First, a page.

Summary: Chapter 7

Solomon introduces his new master William Ford, a kind-hearted man who is nevertheless blind to the immorality and horror of slavery. Solomon impresses Ford by building a raft and thereafter becomes known for his skill in many trades. A carpenter named Tibeats comes to Ford’s plantation to work on his house, and Solomon is told to assist him. Solomon describes Tibeats as the opposite of Ford in every way. A cruel and ignorant man, Tibeats doesn’t own his own plantation but makes his living by working on the plantations of others. 

Summary: Chapter 8

Ford faces financial troubles and must sell Solomon to Tibeats. Tibeats and Solomon go to work at another plantation owned by Ford, which is overseen by the reasonable Mr. Chapin. One morning, Tibeats becomes angry with Solomon even though Solomon has done exactly what Tibeats asked. When Tibeats tries to whip Solomon, Solomon fights back, refusing to be punished for following orders. Chapin intervenes and tells Tibeats that there is no reason to whip Solomon. Tibeats leaves but returns with two men who tie up Solomon and discuss where to hang him. Chapin orders Tibeats and the men to leave, then sends a messenger to Ford to alert him that Tibeats tried to murder Solomon. Inexplicably, Chapin does not free Solomon from the ropes that bind him.

Analysis: Chapters 7–8

Tibeats, the spiteful and violent carpenter, is the narrative’s first major antagonist, discounting the terrible violence done by James Burch. Solomon’s harrowing run-ins with Tibeats in this section of the narrative are contrasted to the otherwise fair treatment he experiences in servitude to William Ford. Solomon is protected by Ford, a more complex character than the villain Tibeats. William Ford, as described by Northup, is a good man in every respect, but blind to the horrors of slavery he actively benefits from, which makes this gentle master an antagonist as well. Detailed encounters with both Ford and Tibeats highlight the inner complexities of chattel slavery, and the shades of antagonism various slave masters embody. Some masters may treat their slaves well, but many suffer the whip under tyrants such as Tibeats.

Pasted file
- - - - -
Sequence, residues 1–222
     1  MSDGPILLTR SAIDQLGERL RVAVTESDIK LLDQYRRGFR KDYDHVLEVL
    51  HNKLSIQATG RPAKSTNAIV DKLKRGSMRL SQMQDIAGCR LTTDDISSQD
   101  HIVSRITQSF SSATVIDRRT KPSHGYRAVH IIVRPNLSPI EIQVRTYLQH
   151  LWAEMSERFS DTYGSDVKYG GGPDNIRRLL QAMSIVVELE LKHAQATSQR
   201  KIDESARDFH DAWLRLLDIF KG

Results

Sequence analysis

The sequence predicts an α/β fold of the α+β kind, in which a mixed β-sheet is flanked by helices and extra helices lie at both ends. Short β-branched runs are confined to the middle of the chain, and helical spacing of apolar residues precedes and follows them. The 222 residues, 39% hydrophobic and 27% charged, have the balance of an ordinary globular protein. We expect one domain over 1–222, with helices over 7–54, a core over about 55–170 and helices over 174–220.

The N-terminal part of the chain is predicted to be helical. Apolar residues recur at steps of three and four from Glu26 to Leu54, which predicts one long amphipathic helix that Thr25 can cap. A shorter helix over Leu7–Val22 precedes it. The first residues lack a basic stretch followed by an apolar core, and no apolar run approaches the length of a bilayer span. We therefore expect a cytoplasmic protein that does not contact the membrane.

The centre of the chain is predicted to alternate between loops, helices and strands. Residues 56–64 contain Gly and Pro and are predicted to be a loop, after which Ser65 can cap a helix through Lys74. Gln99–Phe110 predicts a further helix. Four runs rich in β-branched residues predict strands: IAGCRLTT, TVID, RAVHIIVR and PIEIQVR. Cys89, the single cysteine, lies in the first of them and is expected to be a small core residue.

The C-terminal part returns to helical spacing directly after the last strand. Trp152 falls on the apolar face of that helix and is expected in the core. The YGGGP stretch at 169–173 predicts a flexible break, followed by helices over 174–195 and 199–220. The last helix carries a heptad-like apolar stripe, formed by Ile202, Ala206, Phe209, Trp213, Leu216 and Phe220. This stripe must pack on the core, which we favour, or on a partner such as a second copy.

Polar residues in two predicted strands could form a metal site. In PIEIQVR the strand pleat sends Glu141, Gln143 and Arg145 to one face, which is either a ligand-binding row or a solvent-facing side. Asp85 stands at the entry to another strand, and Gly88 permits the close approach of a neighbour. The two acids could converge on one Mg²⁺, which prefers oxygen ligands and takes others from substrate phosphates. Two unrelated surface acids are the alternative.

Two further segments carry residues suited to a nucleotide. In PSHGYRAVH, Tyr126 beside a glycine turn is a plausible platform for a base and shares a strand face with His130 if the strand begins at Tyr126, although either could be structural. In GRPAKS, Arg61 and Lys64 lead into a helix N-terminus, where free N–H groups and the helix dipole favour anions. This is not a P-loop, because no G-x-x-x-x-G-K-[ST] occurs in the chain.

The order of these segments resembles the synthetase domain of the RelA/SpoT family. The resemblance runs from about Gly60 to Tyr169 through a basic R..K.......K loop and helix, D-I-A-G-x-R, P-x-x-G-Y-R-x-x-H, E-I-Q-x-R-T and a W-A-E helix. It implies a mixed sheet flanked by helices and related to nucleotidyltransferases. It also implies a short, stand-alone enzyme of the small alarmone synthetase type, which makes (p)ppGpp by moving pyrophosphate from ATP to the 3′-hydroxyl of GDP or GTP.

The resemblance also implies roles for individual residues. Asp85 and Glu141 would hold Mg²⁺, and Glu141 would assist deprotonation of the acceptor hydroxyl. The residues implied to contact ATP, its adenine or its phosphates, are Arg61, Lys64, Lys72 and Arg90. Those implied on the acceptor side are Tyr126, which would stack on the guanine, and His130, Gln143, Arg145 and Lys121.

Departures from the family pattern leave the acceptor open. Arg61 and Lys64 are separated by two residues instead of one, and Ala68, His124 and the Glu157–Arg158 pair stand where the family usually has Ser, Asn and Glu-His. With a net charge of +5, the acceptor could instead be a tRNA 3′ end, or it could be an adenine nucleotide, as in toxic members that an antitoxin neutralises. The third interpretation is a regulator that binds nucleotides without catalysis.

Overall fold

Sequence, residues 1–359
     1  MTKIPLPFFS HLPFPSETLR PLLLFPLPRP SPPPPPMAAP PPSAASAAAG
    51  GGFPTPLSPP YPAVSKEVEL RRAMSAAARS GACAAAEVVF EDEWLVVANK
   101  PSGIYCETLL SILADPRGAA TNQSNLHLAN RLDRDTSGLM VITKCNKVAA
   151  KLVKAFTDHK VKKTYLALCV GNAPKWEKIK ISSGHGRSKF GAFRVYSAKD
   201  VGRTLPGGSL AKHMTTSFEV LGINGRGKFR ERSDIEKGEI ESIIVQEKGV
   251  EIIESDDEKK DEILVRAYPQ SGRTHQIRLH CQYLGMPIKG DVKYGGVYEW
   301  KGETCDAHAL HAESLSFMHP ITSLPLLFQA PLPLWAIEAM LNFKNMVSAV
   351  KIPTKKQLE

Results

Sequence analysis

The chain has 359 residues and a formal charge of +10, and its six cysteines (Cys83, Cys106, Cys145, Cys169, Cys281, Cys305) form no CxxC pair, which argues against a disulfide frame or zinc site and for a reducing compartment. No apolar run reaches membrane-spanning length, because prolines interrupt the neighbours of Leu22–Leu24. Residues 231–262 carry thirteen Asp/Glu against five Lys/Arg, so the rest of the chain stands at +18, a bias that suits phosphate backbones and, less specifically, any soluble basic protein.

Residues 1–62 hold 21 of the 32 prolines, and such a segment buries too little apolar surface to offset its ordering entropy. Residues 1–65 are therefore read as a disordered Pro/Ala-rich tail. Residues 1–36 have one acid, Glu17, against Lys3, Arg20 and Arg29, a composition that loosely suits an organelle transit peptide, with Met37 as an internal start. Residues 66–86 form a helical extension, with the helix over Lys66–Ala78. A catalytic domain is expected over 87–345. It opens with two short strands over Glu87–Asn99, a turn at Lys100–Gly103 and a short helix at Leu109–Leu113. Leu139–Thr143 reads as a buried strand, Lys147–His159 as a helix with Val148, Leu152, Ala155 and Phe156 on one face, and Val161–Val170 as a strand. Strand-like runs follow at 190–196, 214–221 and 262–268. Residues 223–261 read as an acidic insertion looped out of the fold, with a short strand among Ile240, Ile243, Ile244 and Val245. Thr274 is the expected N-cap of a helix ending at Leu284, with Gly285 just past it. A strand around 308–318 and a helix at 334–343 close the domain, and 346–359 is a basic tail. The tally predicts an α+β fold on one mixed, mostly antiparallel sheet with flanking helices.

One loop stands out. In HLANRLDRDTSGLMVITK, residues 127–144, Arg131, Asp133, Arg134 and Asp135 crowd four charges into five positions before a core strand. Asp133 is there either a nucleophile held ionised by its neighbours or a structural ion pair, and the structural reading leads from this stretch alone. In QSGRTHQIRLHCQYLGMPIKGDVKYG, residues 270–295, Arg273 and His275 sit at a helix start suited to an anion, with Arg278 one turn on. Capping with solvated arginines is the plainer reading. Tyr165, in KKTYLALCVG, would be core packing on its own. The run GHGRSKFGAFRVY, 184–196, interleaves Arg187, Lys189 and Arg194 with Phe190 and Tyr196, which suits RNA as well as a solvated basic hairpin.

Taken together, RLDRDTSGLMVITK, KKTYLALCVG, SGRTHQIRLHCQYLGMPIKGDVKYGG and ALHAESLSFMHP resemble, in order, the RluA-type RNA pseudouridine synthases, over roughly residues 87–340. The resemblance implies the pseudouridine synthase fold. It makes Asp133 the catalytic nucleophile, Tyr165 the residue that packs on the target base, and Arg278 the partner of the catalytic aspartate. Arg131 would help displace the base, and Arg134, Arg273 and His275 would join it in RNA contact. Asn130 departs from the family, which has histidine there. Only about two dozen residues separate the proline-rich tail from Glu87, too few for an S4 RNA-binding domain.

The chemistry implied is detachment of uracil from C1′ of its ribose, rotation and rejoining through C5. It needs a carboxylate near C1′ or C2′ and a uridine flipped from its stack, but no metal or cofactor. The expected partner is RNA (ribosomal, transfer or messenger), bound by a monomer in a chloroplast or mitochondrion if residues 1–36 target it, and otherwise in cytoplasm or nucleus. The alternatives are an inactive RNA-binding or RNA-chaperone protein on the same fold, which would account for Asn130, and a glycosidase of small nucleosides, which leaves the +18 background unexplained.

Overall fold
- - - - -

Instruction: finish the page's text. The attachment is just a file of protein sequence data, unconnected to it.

Northup describes his fight with Tibeats in agonizing detail, presenting the defense for his actions clearly and boldly, all from his own point of view. Even as he beats back Tibeats with the whip, Solomon knows he will be severely punished for his outburst. But his feelings of righteousness push him to aggressively resist and even beat Tibeats. As narrator, Northup claims his actions were those of a just man in an unjust world, and he is right to claim it. He refuses to be punished for something he did correctly in the first place, but this moral perspective has no place in his immoral situation. Solomon’s near hanging, the punishment he faces for standing up to Tibeats, shows Solomon the harsh truth of his enslavement. A slave is beaten by their master for nothing, but if a slave hits their master, they face death. Solomon’s antagonists, whether Tibeats or Ford, have an institutional power over his life or death, and this truth is one Solomon will reckon with for twelve agonizing years.